Patent Citations
Cited PatentFiling datePublication dateApplicantTitle
US685197 *Apr 10, 1900Oct 22, 1901Oscar ReuterScrew-driver.
US1448392 *May 2, 1921Mar 13, 1923Earnshaw Arthur RScrew driver
US2577193 *Feb 10, 1950Dec 4, 1951Chain Belt CoTool for facilitating the removal of spring clips from sprocket chains and the like
US2684094 *Jun 21, 1951Jul 20, 1954Lissy JohnNonslip screw driver and screwhead
GB154715A * Title not available
Referenced by
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US6588305 *May 10, 2001Jul 8, 2003Newfrey LlcNotch-forming extraction tool for helical inserts
US6752049 *Feb 11, 2002Jun 22, 2004Thomas WhiteSecurity fastener removing kit
US6878110 *Jan 14, 2002Apr 12, 2005Seung Choul YangSurgical instruments and method for creating anatomic working space in minilaparotomy procedure
US8690504 *Dec 8, 2011Apr 8, 2014Phoenix Contact Development and Manufacturing, Inc.Torque-limited and removable fastener for one-time use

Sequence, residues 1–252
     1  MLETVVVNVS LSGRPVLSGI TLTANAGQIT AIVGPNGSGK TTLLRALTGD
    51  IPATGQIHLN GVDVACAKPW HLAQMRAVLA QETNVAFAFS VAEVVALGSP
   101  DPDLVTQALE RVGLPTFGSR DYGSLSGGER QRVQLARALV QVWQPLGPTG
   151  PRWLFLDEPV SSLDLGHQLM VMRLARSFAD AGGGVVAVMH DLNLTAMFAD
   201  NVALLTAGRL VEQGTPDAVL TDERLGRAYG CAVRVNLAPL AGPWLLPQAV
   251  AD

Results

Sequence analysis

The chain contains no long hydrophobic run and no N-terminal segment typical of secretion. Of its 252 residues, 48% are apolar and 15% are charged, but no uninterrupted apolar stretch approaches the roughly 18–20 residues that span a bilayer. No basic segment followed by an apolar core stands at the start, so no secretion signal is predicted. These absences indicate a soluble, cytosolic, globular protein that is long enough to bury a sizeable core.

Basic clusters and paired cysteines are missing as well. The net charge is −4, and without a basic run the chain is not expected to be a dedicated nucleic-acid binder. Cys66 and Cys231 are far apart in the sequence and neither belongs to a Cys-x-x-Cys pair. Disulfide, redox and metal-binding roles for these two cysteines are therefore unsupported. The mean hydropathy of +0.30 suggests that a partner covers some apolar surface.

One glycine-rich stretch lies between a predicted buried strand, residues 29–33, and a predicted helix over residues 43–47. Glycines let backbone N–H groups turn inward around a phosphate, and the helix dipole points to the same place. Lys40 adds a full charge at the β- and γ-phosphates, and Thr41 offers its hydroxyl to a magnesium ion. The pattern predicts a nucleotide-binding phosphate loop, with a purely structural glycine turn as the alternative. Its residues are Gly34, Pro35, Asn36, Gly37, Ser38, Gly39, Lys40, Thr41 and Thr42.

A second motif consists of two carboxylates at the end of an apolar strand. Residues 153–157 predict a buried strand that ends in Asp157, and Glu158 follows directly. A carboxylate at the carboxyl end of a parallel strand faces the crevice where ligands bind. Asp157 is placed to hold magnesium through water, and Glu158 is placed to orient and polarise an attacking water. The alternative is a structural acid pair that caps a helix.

US20030135093 *Jan 14, 2002Jul 17, 2003Yang Seung ChoulSurgical instruments and method for creating anatomic working space in minilaparotomy procedure
US20130149065 *Dec 8, 2011Jun 13, 2013John Phillip Huss, Jr.Torque-Limited and Removable Fastener for One-Time Use
US20140305267 *Apr 10, 2014Oct 16, 2014Emile BaroodyNo-Slip Screwdriver
DE10020433C1 *Apr 26, 2000Jun 21, 2001Guenter BuschScrew driver bit for electric screw driver has screw head contact section with drive bars and triangular projections on bars
EP1595652A2 *Aug 24, 2004Nov 16, 2005Eazypower CorporationImpact driver and fastener removal device
U.S. Classification81/441
International ClassificationF16B23/00, B25B15/00
Cooperative ClassificationF16B23/0076, B25B15/007
European ClassificationF16B23/00S, B25B15/00B2C